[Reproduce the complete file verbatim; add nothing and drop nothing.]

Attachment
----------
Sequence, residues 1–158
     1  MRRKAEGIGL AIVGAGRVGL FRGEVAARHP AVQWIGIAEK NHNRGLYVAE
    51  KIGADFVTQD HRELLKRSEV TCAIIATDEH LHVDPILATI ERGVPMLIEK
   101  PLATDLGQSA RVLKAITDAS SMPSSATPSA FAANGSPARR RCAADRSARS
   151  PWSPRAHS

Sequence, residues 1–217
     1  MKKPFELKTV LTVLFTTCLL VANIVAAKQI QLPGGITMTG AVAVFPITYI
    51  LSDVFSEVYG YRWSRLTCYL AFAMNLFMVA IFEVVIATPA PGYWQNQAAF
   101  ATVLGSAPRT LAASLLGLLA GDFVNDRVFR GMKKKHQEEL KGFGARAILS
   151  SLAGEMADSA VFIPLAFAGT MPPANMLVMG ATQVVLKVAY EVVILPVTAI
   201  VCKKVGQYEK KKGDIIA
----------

Sequence, residues 1–158
     1  MRRKAEGIGL AIVGAGRVGL FRGEVAARHP AVQWIGIAEK NHNRGLYVAE
    51  KIGADFVTQD HRELLKRSEV TCAIIATDEH LHVDPILATI ERGVPMLIEK
   101  PLATDLGQSA RVLKAITDAS SMPSSATPSA FAANGSPARR RCAADRSARS
   151  PWSPRAHS

Sequence, residues 1–217
     1  MKKPFELKTV LTVLFTTCLL VANIVAAKQI QLPGGITMTG AVAVFPITYI
    51  LSDVFSEVYG YRWSRLTCYL AFAMNLFMVA IFEVVIATPA PGYWQNQAAF
   101  ATVLGSAPRT LAASLLGLLA GDFVNDRVFR GMKKKHQEEL KGFGARAILS
   151  SLAGEMADSA VFIPLAFAGT MPPANMLVMG ATQVVLKVAY EVVILPVTAI
   201  VCKKVGQYEK KKGDIIA